Diemer said his wife only experienced mild COVID-19 symptoms and her doctors recommended she stay home to recover, since she wasn’t having difficulty breathing and could speak in full sentences.

But she deteriorated quickly and went into medical distress at home, he said. Doctors later told him that she had died within hours of the virus attacking her heart.

“My wife is an Irish redhead and she never backed down from a fight,” Diemer said.

“Every time, she didn’t complain. She just faced whatever she had to face and kept going. We thought she was going to beat COVID-19, too.”

Wade Kidd

WINNIPEG — Wade Kidd had an absolute love for life.

His family said in a statement that Kidd started developing flu-like symptoms on March 18 and was admitted to hospital on March 27 where his condition deteriorated quickly.

The grandfather, father and husband died on April 2, about a month before his 55th birthday.

Kidd had some underlying health concerns, however, in general he was healthy and active, his family said.

He could fix anything and enjoyed camping. He was a loving husband and proud father to his two sons. His love for his two young grandchildren knew no bounds, his family said.

“His monster hugs made us feel safe and his easygoing manner kept us calm in stressful times,” his wife wrote.

Kidd was a private person, but the family wanted to share his story. His family said they hope it will convince everyone to stay home so further families don’t have endure what they are facing, mourning without the ability to have a funeral.

“He was a steady ship in a crazy storm, and now he is gone. Now that storm threatens to swallow us whole.”

Shawn Auger

HIGH PRAIRIE, Alta. — Shawn Auger, a father of three, died March 30 at the age of 34.

His wife, Jennifer Auger, says her husband started developing symptoms on March 13 and was diagnosed on March 16. He was hospitalized shortly after and died March 30.

She says he was particularly affected because by the disease he was asthmatic.

“He was also a big guy, like a teddy bear,” she says.

Shawn Auger was involved in youth hockey and worked at the Youth Assessment Centre in High Prairie, Alta., about 370 kilometres northwest of Edmonton. His wife says a position was created especially for him to help youth transition out of the facility.

“That job, he loved it,” she said. “He loved it because he got to meet new people, talk to the youth and mean something to them.”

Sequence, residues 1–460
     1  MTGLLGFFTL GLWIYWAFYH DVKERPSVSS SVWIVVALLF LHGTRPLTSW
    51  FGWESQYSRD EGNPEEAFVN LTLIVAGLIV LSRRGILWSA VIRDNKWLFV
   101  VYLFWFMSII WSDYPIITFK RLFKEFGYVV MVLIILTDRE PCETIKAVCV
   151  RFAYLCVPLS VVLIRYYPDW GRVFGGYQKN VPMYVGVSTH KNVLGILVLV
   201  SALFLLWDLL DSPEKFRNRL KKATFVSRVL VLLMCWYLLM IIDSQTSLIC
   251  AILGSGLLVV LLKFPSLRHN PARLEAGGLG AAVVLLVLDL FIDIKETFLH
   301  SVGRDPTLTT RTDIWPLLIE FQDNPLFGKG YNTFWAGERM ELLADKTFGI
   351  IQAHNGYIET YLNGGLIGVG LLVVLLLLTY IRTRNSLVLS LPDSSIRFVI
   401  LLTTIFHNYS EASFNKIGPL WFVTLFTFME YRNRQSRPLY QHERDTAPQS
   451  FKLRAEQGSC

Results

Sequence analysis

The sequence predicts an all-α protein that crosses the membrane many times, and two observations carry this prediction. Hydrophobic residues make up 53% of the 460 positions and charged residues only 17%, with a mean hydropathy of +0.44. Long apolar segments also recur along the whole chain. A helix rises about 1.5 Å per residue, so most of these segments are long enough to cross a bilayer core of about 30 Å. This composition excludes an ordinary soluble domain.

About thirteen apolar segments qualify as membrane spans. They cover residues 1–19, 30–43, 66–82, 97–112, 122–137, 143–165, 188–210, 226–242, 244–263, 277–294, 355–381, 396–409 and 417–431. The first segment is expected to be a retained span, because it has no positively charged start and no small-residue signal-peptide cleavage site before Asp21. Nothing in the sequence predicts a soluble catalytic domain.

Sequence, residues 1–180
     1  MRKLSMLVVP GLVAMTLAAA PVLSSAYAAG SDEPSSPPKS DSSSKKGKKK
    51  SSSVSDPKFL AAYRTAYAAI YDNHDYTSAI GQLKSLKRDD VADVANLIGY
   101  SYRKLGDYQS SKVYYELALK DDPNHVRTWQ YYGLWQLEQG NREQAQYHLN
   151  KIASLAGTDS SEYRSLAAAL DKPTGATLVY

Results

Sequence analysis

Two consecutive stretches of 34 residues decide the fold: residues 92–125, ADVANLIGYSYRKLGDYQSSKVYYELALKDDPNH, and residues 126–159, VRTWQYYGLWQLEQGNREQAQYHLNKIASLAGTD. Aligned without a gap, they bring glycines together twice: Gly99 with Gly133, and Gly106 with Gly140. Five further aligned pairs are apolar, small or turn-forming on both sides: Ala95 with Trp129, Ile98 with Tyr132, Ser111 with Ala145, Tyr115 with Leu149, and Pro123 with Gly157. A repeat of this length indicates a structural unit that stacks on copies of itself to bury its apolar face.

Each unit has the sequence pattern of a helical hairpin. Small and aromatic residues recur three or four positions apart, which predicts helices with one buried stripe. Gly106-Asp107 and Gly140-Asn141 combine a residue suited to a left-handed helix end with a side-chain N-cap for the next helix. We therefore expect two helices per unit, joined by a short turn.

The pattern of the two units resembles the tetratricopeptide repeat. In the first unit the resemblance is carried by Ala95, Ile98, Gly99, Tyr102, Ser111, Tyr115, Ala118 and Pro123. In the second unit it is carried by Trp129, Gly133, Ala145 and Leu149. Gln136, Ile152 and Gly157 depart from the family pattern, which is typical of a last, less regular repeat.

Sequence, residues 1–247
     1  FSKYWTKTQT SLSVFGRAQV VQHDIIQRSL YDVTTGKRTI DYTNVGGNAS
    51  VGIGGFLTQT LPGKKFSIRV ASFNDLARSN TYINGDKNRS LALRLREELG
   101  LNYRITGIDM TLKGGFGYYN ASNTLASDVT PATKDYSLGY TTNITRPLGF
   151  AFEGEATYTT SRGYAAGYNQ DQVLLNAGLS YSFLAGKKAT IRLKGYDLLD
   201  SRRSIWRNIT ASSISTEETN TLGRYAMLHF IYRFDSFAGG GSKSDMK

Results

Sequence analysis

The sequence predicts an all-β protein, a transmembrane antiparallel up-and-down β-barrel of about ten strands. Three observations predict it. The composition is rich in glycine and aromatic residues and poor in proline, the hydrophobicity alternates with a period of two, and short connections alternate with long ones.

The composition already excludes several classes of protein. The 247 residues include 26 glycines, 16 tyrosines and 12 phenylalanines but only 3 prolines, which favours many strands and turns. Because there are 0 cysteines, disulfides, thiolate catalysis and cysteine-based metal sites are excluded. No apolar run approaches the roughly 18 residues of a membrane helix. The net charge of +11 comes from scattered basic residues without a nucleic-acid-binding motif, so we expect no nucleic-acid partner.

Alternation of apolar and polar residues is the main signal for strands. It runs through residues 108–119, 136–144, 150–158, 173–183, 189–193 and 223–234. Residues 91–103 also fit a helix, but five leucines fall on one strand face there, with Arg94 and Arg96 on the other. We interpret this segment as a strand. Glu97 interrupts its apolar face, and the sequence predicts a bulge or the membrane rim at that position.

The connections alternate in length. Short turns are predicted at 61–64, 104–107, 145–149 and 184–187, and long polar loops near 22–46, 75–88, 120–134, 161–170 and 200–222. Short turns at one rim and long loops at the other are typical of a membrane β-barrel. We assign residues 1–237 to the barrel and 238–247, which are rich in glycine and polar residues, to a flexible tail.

She says her husband first went to school to become a police officer and served in various placements, including at the Edmonton Institution, before he decided to work with young people.

“He wanted to work with the youth … to make a difference, so they didn’t end up in jail or anything like that.”

She says she and her husband recently bought a house in the High Prairie area to renovate and turn into a group home.

It’s something she plans to continue in his memory.

“Through all this, we did not lose Shawn,” she says. “We gained a fighting, caring, wonderful angel … and he is still working from beyond.”

Alice Grove

NORTH BATTLEFORD, Sask. — Alice Grove was a 75-year-old widow who lived alone on a farm in west-central Saskatchewan.

Her sister Eleanor Widdowson says Grove, a former nurse’s aide at Saskatchewan Hospital, was having breathing difficulties and collapsed in her home on March 28. She died in hospital the next day.

The sisters last saw each other on March 13 when they met for coffee in nearby North Battleford.

Widdowson believes her sister contracted the virus on one of her many trips into the city.

“We had warned her and warned her and warned her to stay at home,” Widdowson told Saskatoon radio station CKOM. “But she’d get lonely. Anyone would, living out on a farm by themselves.”

Grove’s battle with COVID-19 was hampered by diabetes, says Widdowson. Grove had also survived a battle with cancer.

Ultimately, Widdowson says she made the decision to remove Grove from life support.

“You have to be sensible about it and not take treatment away from a possible 35-year-old that can get better, when you know the 75-year-old lady’s not going to get better.”

Dr. Denis Vincent

NORTH VANCOUVER, B.C. — Dr. Denis Vincent is being remembered as a dedicated dentist who made patient care and safety his top priority.

Vincent was 64 when he died on March 22 after attending the Pacific Dental Conference, which drew about 15,000 people.